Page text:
The Neighborhood Council of Westchester/Playa del Rey’s Planning, Land Use and Development Committee will recommend a complete environmental impact report (EIR) for a proposed development project on what local residents call “Toes Beach” in Playa del Rey, after many community residents spoke out against the project.
Sea Glass Holdings, LLC, wants to construct 35 townhomes and 4,000 square feet of commercial or retail space on the beach at 6719-6823 Pacific Ave., Playa del Rey.
The Neighborhood Council’s Planning and Land Use Committee addressed the proposed project at its meeting Tuesday, December 14th.
After many Playa del Rey and Westchester residents expressed opposition to the beach project — most requesting an EIR — the committee voted to recommend to the full Neighborhood Council that a full EIR be prepared at the Toes Beach site.
Derek Jones, a land use attorney representing Sea Glass, said the city is reviewing an environmental assessment form, which looks at a variety of potential impacts, but that the developer has not done an EIR.
The lack of an EIR is a major complaint of many members in the community who oppose the project, including an organization of residents called Save Our Dunes.
John Hughes — a spokesman for Save Our Dunes — said the community requests a full EIR and wants to have input in the decision that could affect the Toes Beach dunes.
“The dunes are a significant part of the nature of our neighborhood,” Hughes said. “We’re asking for the committee’s support to demand an EIR.”
The Save Our Dunes group wants to acquire the 3.3 acres of land and put the land in public trust.
Hughes said Save Our Dunes is interested in arranging a land swap with Sea Glass.
“The intent and goal at this time is to develop the property,” Jones said.
He said that many community residents are unaware that the Toes Beach property, which was purchased by Sea Glass in August, has been “privately owned since the birth of Playa del Rey.”
Residents have expressed a major concern for the impact to traffic with the proposed development, but Jones said that a traffic analysis concluded that the levels of service would not worsen at any of the four area intersections.
“You insult our intelligence with that traffic data,” Playa del Rey resident Christina Machado told the developers.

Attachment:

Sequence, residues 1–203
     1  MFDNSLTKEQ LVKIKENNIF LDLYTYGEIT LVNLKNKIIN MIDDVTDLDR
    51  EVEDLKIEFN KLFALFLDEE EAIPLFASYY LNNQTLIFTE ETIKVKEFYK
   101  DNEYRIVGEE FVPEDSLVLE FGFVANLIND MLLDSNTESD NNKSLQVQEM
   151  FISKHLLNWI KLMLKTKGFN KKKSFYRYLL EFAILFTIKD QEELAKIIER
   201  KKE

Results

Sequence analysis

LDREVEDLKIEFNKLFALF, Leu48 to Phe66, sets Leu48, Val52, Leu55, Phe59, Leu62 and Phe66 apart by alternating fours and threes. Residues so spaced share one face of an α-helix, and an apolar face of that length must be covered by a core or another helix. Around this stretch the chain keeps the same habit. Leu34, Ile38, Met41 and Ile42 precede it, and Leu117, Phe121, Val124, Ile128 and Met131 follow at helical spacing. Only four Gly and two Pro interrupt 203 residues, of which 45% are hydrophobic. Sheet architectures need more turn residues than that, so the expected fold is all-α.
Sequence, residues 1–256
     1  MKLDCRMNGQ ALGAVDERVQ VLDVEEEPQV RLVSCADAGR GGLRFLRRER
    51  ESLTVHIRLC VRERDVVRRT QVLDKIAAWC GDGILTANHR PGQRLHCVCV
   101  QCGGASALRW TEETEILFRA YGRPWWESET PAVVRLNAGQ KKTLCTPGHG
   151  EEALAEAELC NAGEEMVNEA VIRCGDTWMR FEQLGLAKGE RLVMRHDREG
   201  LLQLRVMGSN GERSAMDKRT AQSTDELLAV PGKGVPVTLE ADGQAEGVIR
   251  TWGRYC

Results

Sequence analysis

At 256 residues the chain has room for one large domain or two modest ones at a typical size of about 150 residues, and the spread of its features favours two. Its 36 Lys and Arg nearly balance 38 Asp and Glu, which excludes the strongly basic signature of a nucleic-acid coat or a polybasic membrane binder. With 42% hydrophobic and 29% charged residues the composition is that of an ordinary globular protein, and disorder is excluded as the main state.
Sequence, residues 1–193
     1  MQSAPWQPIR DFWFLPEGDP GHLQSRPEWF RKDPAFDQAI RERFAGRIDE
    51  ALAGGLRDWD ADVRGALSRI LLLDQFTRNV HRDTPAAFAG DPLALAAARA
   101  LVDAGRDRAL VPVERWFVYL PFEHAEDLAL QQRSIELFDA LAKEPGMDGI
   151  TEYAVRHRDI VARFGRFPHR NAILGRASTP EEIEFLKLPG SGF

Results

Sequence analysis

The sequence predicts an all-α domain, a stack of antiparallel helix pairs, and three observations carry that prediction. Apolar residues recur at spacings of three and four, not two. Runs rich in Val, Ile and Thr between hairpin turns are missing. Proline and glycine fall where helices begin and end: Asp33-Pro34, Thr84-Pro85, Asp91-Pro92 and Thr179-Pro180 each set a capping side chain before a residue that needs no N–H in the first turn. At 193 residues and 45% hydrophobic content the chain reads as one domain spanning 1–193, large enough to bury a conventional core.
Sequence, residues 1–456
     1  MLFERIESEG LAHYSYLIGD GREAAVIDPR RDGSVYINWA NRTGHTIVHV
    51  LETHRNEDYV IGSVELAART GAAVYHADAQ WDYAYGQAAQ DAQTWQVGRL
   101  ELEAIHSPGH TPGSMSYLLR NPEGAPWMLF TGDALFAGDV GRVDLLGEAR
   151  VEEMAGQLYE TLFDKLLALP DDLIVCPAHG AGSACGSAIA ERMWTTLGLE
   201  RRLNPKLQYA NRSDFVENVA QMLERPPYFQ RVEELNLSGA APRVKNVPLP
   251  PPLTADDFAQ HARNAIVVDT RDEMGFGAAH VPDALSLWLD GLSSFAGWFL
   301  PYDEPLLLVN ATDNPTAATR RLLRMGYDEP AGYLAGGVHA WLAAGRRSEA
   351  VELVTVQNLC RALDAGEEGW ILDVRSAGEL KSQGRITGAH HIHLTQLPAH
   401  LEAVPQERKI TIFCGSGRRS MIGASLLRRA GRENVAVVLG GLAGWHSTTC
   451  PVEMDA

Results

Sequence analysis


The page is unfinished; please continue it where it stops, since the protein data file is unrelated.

“Every day the traffic is horrible because of a series of developments,” resident Ralph Shapiro said. “This is just for profit.”
While Sea Glass officials say their intent is to develop a small residential project that will enhance the community, residents respond that they are not interested in a project that carries potential impacts to the environment and community.
“We don’t want a Hermosa Beach,” resident Natalie Lasseff said. “Our community doesn’t want this project.”
Angela Reddock and Flora Gil Krisiloff, two candidates for the Los Angeles City Council District 11, attended the meeting in support of the residents’ argument.
“This is not just another three acres,” Krisiloff said. “This is oceanfront, and it deserves full attention and process.”
“This is about preserving the neighborhood and its quality of life,” Reddock said.
Many residents agreed with Reddock, saying the Toes Beach dunes are a part of Playa del Rey’s identity, which would be affected with the proposed development.
“The dunes are our gateway to the sea and part of what makes the center of Playa del Rey so unique and charming,” Westchester resident Frances Hawkings said.
“Our lives are made richer by the enjoyment of open spaces,” said Ryan Miller, who was part of a group of students wearing T-shirts saying “Save Playa.”
While the most popular request by the community residents was an EIR, Jones said the city environmental review should be finished within the next few months.
If the potential for significant impacts is found, then the city will ask for an EIR, he said.
Planning and land use committee chair Jim Ferro said the Neighborhood Council should address the EIR recommendation at its Tuesday, January 11th, meeting.
“One of the crucial elements to making Playa del Rey what it is are the dunes, but now they are threatened to be taken away forever,” resident Ken Anderson said.
“Once they’re gone they don’t come back again,” he added.